Have you ever bought a new piece of jewelry only to notice a green tinge on your skin after a few hours? The first time this happened, you were probably surprised and maybe even a little worried. Most seasoned jewelry lovers have "been there, done that" with green skin and while it's a harmless experience, no one really enjoys showing off a green glow around a ring or bracelet. So what causes this reaction and how can you minimize it? Let's talk about it!
Let's start with a quick lesson in jewelry composition first. Most of the jewelry you're wearing is a blended (also called alloyed) metal. Pure silver and gold is too soft to use for jewelry - or at least jewelry you want to wear regularly without scratching, denting, or changing it's shape. So these substances are alloyed with other metals, most commonly nickel, copper, or zinc, for durability to create the stunning sterling silver, 10K, 14K, and 18K gold we know and love!
Back to the green tint problem - you're probably wondering what metals can cause that green tint. Commonly, copper is the biggest culprit. It's ideal to be blended with other metals because on its own, its quite malleable but when mixed with other metals, it adds durability. But, copper can react to your sweat resulting in the dreaded green skin! Avoiding copper jewelry can make a big difference if you're trying to minimize that particular reaction.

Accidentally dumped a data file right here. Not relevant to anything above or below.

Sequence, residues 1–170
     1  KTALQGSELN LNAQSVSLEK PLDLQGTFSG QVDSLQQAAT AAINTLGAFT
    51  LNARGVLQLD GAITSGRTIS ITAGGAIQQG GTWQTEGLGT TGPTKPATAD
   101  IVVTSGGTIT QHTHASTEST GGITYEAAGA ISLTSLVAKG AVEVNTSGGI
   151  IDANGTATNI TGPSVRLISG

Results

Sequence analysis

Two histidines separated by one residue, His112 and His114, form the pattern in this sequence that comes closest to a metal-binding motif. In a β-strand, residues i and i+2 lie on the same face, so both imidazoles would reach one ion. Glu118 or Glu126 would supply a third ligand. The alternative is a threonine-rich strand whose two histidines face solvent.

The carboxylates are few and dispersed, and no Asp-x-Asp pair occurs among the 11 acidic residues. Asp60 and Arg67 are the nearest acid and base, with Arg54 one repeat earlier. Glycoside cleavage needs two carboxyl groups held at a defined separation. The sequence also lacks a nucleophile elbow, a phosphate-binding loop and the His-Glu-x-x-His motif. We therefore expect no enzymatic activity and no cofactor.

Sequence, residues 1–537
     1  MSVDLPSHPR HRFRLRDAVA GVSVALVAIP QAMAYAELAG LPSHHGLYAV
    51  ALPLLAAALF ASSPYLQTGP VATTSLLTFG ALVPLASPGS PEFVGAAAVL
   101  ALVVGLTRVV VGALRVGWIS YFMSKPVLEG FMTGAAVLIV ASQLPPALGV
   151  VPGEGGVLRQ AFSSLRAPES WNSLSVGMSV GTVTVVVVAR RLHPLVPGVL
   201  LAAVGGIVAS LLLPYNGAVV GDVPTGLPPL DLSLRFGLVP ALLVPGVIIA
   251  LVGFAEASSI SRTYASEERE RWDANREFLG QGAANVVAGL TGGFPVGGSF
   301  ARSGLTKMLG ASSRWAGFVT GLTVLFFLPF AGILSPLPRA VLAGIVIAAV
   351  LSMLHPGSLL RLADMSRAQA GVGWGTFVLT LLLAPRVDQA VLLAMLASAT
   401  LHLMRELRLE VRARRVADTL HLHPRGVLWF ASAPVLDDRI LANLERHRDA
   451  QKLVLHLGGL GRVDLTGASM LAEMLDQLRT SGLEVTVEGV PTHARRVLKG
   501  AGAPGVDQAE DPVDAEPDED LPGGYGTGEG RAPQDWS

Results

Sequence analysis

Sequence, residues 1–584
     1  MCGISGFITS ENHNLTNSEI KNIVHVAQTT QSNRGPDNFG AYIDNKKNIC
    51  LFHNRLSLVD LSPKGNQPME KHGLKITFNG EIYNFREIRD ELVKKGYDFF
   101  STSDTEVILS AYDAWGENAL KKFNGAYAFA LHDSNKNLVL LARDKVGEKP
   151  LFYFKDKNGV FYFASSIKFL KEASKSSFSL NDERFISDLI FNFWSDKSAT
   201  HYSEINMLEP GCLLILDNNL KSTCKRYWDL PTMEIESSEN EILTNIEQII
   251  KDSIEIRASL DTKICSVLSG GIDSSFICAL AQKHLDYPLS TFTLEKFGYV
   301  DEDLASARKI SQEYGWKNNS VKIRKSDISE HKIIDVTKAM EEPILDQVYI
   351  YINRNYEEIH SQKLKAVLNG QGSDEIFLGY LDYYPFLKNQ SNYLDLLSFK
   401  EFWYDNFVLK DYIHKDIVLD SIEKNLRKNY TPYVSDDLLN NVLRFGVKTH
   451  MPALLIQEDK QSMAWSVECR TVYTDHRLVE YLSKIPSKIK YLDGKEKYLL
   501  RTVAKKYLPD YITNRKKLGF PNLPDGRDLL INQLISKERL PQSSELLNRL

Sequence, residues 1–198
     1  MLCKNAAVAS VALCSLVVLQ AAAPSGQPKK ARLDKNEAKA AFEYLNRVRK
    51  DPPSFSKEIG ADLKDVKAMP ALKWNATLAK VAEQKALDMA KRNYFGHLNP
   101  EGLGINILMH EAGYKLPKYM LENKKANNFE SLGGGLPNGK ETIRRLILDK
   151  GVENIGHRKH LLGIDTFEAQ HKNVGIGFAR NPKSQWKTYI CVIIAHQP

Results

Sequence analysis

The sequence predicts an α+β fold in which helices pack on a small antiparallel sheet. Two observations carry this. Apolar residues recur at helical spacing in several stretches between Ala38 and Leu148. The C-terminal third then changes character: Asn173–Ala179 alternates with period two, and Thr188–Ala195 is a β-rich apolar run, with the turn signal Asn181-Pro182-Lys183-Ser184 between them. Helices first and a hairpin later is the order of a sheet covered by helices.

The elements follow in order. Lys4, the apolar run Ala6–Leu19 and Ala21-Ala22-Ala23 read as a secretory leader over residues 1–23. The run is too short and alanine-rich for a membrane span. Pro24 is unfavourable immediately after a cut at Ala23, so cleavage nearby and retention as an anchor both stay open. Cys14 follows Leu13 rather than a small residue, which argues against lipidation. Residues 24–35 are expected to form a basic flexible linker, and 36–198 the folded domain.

Sterling Silver and Gold jewelry are also guilty of the green tinge! Silver and gold aren't the culprits but, as mentioned previously, they are alloyed with other metals. These metals can leave the embarrassing green hue on your skin. It's important to denote that just because a jewelry leaves a green tint behind doesn't mean it isn't high quality or "fake". This is a chemical reaction pure and simple, not a sign that your jewelry is low quality.
So what can you do about it? Your green skin may not be harmful, but that doesn't mean you want to sport it all the time. Here are some helpful tips to keep you looking your best:
- Don't wear jewelry that has turned you green before on hot days. Your sweat reacting to your jewelry's metal is the biggest causation of green skin, so try to avoid it. This also means remove your jewelry when working out!
- Clean your jewelry regularly to remove sweat, dirt, soap, lotions, or anything else that comes in contact with your pieces. Letting these build up on your jewelry can cause more reactions.
- Don't swim in your jewelry or wear it while cleaning. Additional chemicals found in swimming pools or cleaning liquids can lead to a green skin reaction.
- Consider applying clear nail polish or a jewelry safe sealer to your jewelry to protect your jewelry and your skin.